"One family who briefly deviated from the general pattern soon reverted to tradition–to the distress of their children, as Meir Wilkanski recounted in his memoir. Sometime in the 1880s the Wilkanski children planted the seeds of sweet peas and other flowers that had been sent to them by a relative in the countryside. The flower garden in their front yard was very successful. All the seeds blossomed, and sweet pea vines climbed the house, covering it with a dazzling array of flowers which delighted the children. Their parents, too, were proud, until the day Reb Layzer overheard a Jewish beggar standing before his house debating in a loud monologue whether to enter it and ask for alms. Deciding on the basis of its flowers that it must be the house of a gentile, he passed it by. Reb Layzer promptly went out to the garden and uprooted all his children's beautiful flowers, whereupon the children, fighting back their tears, vowed to have a beautiful flower garden as soon as the family emigrated to the Land of Israel, where, they felt sure, it would be proper for a Jew to grow flowers."
Me, I would probably have been okay with letting the beggar go on by, whatever the reason. But, as I said … I love to whistle, too.
**I included Moshe Leiser's version of Reyzele for a reason. It wasn't until I heard it that I ever paid attention to the words. I think it was the great surprise of finding his recording that made me pay attention, as if I were hearing a song I hadn't heard before. Who's Moshe Leiser? Let me answer with a story of how two of my worlds collided:
When I was twenty-one, I got very lucky. I traveled to Italy, to the town of Spoleto, for the first of several stints playing violin at the big arts festival there, the Festival dei Due Mondi--the Spoleto Festival, for short. It was a summer spent drinking in the many pleasures of Italy (and eating some of them) with nighttime visits to Spoleto's Roman aqueduct (where we stayed out till all hours) ... morning dashes to the cafe to guzzle a cappuccino minutes before rehearsal … longer-distance dashes to Rome and Florence on days off ... nap-time attempts at avoiding Signora Luna, our terrifying old landlady … and all through the day, and through the summer, a lot of opera playing.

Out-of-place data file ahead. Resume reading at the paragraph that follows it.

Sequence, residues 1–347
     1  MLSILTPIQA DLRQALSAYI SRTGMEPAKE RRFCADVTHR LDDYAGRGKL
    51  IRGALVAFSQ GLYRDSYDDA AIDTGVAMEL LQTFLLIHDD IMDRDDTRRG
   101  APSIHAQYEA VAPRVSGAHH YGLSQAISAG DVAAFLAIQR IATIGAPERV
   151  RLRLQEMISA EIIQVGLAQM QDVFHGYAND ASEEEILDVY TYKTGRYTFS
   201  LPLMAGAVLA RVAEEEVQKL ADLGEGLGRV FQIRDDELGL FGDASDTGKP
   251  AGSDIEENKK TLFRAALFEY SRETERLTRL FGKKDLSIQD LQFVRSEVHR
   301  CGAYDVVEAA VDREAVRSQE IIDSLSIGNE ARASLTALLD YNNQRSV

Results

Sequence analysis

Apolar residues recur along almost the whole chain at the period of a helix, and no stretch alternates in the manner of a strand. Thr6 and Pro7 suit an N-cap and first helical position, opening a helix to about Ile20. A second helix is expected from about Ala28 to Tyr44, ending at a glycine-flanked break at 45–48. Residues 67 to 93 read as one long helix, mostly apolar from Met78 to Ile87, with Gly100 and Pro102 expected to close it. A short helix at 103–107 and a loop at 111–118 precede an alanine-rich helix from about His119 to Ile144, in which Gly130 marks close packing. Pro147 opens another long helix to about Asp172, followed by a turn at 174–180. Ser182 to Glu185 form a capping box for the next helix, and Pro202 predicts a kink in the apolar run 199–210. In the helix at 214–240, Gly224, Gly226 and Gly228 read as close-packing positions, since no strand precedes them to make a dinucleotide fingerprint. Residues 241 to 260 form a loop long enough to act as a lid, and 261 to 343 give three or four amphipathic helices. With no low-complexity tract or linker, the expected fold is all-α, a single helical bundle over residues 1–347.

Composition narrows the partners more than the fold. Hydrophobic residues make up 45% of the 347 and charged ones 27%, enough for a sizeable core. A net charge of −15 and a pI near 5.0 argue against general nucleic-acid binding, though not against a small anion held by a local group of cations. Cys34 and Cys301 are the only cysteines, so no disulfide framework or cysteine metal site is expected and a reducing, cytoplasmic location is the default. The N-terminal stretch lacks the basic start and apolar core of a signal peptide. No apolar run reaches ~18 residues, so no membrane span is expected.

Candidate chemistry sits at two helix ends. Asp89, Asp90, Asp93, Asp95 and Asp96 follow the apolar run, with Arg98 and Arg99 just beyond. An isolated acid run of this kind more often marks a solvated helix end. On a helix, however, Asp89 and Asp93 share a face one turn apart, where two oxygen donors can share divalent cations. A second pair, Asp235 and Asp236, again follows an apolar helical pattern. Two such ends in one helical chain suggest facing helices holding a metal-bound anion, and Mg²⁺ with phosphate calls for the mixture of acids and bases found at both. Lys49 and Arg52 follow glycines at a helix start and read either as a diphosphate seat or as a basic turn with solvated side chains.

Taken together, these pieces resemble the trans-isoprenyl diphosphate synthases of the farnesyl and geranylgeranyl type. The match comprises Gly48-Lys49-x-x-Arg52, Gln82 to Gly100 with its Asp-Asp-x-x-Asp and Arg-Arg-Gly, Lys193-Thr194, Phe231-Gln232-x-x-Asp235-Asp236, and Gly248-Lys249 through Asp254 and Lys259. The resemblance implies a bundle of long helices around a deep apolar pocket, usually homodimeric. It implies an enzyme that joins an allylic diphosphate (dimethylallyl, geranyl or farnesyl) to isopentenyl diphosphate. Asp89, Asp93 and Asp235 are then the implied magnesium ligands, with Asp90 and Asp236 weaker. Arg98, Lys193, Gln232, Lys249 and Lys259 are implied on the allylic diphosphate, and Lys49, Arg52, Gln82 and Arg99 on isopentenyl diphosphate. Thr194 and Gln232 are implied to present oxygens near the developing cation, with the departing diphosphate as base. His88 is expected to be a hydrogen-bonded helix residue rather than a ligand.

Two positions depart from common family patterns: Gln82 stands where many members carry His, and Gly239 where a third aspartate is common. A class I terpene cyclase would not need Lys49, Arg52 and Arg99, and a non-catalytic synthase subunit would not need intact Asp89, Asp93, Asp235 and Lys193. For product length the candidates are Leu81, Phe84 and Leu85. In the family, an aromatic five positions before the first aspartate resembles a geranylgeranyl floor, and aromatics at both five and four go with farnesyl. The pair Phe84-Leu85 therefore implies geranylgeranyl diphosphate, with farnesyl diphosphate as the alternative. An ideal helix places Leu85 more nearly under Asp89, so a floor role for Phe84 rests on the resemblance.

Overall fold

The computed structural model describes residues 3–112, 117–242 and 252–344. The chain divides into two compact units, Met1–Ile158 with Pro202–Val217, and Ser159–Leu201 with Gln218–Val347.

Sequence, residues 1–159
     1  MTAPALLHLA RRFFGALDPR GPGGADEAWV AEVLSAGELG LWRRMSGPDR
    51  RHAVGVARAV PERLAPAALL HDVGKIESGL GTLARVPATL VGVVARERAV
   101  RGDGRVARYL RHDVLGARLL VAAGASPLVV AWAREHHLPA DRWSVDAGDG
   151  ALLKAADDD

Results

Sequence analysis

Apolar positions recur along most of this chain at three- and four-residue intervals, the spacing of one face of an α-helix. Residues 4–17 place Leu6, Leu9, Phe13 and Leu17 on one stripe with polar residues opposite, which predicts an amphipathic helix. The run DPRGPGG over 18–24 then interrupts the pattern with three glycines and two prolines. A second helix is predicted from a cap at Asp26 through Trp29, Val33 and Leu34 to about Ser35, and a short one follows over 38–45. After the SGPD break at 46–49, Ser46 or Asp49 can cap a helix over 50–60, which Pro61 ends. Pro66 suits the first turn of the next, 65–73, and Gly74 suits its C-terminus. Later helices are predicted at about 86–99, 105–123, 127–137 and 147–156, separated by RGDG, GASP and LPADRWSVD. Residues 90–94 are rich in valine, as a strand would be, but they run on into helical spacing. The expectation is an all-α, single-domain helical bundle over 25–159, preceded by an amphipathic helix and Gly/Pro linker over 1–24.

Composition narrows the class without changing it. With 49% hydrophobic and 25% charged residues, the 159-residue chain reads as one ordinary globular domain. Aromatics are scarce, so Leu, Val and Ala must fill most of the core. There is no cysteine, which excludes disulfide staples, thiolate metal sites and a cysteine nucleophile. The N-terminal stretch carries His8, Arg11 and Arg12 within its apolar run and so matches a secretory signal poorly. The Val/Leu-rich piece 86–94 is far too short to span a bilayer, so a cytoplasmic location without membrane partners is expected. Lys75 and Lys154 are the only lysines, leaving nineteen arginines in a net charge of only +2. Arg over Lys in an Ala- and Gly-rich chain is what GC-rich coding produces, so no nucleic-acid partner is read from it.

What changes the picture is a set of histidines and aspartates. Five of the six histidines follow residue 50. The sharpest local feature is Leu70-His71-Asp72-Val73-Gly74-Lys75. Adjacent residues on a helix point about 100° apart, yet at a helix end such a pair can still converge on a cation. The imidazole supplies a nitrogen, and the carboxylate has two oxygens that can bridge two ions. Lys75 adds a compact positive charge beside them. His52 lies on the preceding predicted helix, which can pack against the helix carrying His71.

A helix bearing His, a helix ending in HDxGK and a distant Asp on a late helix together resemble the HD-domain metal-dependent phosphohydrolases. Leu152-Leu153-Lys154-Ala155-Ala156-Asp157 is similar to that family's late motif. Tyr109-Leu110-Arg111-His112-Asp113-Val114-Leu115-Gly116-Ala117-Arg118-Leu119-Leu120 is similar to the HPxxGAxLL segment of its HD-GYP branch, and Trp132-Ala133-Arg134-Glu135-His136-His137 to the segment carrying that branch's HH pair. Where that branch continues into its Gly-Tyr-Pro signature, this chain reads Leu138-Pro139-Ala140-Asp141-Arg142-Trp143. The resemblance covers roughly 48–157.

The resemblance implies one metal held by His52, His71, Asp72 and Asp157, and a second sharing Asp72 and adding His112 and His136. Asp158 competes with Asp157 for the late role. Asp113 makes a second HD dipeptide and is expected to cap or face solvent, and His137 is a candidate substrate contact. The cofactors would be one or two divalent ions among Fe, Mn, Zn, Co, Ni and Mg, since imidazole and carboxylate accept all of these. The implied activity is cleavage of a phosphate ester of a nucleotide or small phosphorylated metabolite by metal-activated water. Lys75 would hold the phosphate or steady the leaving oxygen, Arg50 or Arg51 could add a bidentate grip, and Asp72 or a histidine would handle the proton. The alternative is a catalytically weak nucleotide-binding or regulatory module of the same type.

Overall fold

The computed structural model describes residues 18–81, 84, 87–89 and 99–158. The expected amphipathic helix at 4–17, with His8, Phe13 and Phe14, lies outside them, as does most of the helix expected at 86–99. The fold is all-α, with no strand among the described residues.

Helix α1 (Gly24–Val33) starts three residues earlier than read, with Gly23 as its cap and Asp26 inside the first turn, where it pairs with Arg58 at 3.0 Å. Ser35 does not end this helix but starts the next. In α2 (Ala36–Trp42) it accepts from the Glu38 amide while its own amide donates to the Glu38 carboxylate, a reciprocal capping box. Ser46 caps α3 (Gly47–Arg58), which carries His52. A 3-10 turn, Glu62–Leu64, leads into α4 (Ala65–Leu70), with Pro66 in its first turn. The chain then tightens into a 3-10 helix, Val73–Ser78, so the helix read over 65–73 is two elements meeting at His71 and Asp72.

The big opera at the festival that summer was Richard Strauss' Salome, and playing it required wresting concentration from all of Italy's delights and wonders, and keeping it squarely in the opera pit. In the first place, if you've never had the pleasure of playing a Strauss opera … Strauss gives the orchestra musicians a lot of notes to play, and not a lot of time in which to play them. Our conductor, the late Spiros Argiris, was impossibly intense, constantly demanding (and also, totally inspiring and truly beloved by his troops.) Then there were those incredible sounds drifting down into the pit from the stage, which you needed to listen to, without forgetting about that impossible run of notes coming up on the page in front of you …
With attention on these other things, I was only vaguely aware of the pair of Frenchmen who, all through the rehearsal process, could be seen patrolling the aisles of the theater. These were the directors of the production, Moshe and Patrice. I remember that they seemed young, slim I think, and very French. I knew for some reason that they did a lot of directing as a team. As will happen with these things, their names got stuck in my brain in the general compartment labelled "Opera World."
For years afterward, I probably didn't give them a single thought. It was thus with nothing less than astonishment that, one day not so long ago, I stumbled across an album of Yiddish songs, really beautiful renditions, some of the warmest and most intimate I'd heard, in fact, recorded by none other than Moshe. He made this recording just a few years before that production of Salome. I never would have guessed.